Saturday, June 28, 2008

Race for the White House-6/28/08

The tenor of the Presidential campaign this week was largely consumed by a couple notable Supreme Court decisions, dealing with the controversial issues of the death penalty and guns.

On both decisions, the High Court split 5-4, with Anthony Kennedy as the deciding swing vote, and gave many ideologues from both sides of the spectrum something to be happy about and upset about. In one decision that struck down a Louisiana law which allowed for the excecution of convicted child rapists, both Presidential candidates expressed disagreement with the ruling, which seems curious considering Democrat Barack Obama's stated past opposition to the death penalty.

The biggest decision though involved the striking down of a ban on handgun ownership in the District of Columbia in a narrow ruling that seemed to confirm for the first time, the Constitutional right for individuals contained in the Second Amendment. Republican John McCain, and most conservatives were strongly in favor of the ruling, but the reaction of Obama also raised some eyebrows. Earlier in the campaign season, Obama had expressed a belief that the DC gun ban was constitutional but deliberately had tried to avoid commenting too deeply on his beliefs while the case was still pending. When the decision was handed down, Obama, in a carefully worded statement seemed to express support for the ruling, in spite of what he had previously said. McCain and many other Republicans were incredelous at what seems to be a major flip-flop on behalf of the Democrat candidate.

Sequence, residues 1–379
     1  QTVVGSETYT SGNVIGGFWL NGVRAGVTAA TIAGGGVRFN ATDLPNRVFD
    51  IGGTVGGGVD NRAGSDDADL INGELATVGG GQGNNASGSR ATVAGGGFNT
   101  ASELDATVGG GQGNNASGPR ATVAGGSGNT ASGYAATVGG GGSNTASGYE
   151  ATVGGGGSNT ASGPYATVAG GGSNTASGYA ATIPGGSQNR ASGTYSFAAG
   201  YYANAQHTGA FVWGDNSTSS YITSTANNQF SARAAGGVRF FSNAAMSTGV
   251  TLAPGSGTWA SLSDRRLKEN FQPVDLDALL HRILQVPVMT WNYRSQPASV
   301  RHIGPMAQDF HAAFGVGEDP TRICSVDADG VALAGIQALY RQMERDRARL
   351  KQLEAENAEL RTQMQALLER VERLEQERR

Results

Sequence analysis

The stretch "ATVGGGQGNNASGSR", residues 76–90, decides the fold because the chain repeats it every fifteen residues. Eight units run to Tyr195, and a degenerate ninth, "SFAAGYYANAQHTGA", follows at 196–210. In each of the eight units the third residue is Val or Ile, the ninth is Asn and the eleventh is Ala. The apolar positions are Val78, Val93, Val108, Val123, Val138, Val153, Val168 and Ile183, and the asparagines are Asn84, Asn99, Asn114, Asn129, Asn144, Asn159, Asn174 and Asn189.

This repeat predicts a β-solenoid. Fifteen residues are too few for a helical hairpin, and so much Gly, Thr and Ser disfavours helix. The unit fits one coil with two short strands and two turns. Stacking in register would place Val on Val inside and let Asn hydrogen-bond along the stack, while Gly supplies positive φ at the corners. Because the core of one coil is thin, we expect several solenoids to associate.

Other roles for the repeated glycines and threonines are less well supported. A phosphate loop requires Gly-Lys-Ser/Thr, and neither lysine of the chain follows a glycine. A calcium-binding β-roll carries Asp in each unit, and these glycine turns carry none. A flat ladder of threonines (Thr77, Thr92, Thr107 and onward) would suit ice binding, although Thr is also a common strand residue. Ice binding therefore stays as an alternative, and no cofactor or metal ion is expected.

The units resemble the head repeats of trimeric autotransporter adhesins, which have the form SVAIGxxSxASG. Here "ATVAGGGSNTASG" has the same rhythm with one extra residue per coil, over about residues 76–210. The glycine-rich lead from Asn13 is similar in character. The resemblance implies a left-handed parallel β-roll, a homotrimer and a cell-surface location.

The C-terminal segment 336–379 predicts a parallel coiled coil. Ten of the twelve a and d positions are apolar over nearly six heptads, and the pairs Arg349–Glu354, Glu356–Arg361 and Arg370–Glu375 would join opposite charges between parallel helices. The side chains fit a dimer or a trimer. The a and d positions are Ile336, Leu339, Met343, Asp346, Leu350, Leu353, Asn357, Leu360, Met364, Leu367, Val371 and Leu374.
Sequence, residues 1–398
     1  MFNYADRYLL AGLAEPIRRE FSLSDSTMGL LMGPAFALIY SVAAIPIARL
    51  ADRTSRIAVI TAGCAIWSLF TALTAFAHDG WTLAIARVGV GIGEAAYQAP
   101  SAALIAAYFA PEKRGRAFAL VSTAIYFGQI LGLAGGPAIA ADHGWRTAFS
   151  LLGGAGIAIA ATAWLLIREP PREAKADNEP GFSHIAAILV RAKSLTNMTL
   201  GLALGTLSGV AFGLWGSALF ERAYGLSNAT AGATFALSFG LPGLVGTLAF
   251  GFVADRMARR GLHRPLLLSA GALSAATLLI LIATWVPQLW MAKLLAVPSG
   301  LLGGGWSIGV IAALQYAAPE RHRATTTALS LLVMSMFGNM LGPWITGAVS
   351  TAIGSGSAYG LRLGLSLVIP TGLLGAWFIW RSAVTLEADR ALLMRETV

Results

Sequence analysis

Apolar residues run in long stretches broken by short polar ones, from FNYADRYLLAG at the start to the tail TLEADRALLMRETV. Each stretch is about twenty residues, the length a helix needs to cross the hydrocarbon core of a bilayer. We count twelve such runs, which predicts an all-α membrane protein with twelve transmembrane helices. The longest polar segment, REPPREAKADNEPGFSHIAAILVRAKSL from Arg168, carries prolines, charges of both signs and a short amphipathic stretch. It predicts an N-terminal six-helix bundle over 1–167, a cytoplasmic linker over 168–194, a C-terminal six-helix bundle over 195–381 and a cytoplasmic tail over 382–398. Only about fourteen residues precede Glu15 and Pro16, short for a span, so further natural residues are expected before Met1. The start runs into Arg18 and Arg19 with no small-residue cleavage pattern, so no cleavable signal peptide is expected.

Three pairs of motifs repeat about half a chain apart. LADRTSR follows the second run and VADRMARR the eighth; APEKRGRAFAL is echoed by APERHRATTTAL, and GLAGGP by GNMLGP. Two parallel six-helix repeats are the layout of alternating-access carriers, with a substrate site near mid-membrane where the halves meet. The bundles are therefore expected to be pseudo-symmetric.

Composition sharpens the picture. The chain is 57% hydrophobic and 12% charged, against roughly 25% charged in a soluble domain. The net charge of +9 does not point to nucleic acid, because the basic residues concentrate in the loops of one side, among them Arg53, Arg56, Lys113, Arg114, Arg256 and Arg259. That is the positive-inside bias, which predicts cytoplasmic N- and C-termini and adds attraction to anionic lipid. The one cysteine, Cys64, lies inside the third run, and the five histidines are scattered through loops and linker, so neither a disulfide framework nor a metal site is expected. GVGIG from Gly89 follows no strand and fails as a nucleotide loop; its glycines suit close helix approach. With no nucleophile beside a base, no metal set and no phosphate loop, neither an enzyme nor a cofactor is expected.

Otherwise this week, the candidates continued their back and forth via press conference, conference call, and press release. The issue of energy once again received much discussion with McCain unveiling what his supporters will say are innovative new plans to deal with the matter, but which many Democrats call "gimmickry."

The one big event took place yesterday in the aptly named town of Unity, New Hampshire, where Obama and his vanquished party rival Hillary Clinton joined together for the first official campaign appearance. The event appeared to go off without a hitch and likely looked good on television. Notably absent though from the made for tv lovefest was Clinton's husband Bill, the former President, who is said to still be furious with Obama. While his office this week released an extremely terse press release confirming his endorsement of Obama, it was most noticeable for just how cold it sounded. To add fuel to the fire, a British newspaper today claimed that former President Clinton is telling associates that the only way Obama can get on his good side for the sake of his campaign is to "kiss my ass."


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